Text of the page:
Dog Clicker Training: Beginners Guide to Effective Training

When you get a new puppy or are looking to train an older dog you need a method that is consistent and effective. Dog clicker training is a tried and tested technique that can be used by experienced dog handlers or novice owners with little or no dog training experience.

In this article we will look at what dog clicker training is, how to get started and some tips on where to start your dog training journey.

What is Clicker Training and how do you use it to train a dog?

Clicker Training for dogs is where a small device, called a clicker, is used during training to mark the point (by producing a click) where your dog displays a movement or action that you are teaching.

The click would be followed by the presentation of a reward, typically food or access to a toy. Dog Clicker training is a form of positive reinforcement.

What is Positive Reinforcement Training?

Simply put, positive reinforcement training is where desirable behaviors are rewarded and others are ignored. Clicker training highlights the desirable actions by reinforcing them through the delivery of an award or stimulus.

Positive reinforcement training is thought to be one of the progressive or humane training methods as opposed to punishing your dog for doing things you don’t want it to.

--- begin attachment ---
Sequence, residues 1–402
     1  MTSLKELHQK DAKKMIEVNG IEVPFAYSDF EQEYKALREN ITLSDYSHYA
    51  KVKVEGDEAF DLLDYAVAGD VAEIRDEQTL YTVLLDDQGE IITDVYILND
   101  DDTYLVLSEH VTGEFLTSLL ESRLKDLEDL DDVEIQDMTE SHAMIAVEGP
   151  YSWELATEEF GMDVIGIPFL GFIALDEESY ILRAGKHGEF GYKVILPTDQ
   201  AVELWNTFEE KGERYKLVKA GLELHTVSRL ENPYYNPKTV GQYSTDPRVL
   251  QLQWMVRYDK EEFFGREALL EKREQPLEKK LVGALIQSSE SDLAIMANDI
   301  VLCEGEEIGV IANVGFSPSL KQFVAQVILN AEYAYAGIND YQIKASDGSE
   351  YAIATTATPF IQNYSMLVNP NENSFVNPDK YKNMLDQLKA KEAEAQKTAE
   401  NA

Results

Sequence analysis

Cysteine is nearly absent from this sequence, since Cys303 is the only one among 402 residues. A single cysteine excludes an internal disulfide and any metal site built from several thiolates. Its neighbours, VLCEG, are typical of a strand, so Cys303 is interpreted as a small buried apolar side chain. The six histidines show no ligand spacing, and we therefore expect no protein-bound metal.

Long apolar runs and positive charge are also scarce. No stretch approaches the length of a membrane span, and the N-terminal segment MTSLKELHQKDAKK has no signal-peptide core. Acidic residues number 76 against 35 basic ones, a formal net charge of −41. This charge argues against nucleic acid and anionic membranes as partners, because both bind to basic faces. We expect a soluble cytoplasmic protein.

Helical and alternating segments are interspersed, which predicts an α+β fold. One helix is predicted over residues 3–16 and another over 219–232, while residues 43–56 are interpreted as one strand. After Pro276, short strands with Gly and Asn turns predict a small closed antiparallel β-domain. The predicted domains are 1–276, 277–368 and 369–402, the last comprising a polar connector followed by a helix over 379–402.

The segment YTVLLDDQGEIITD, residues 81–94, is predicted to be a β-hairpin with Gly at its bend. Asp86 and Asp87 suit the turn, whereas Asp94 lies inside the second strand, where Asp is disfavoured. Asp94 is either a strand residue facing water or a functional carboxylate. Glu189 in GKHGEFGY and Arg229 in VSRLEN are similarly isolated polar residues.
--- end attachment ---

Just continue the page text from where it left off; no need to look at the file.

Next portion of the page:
The theory is that the positive associations the dog feels by being rewarded for behaving in a way the owner wants encourages a self-perpetuating desire to please. We all know that the vast majority of dogs love their owners good or bad but the relationship from both sides is strengthened by the collaborative nature of this method.

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Clicker Training is a Great Way to Train Your Dogs - We Advise to Start With One!

Positive Reinforcement vs Discipline Training

The contrary form of training would be discipline training where the dog is ‘disciplined’ if it does not do what it should do. This may include equipment such as shock collars where a ‘pain’ is associated with not doing what is asked for. 

I am not a trained dog behaviorist but I believe the positive enforcement route fosters a relationship of common understanding and trust where discipline training can introduce fear into the relationship. 

As you would expect this is a very emotive topic with strong advocates on either side of the fence and although strongly in the positive enforcement camp there may be extreme cases where a dog’s behavior risks it being euthanized or it poses a risk to the public and other methods have been exhausted discipline training may be a last resort.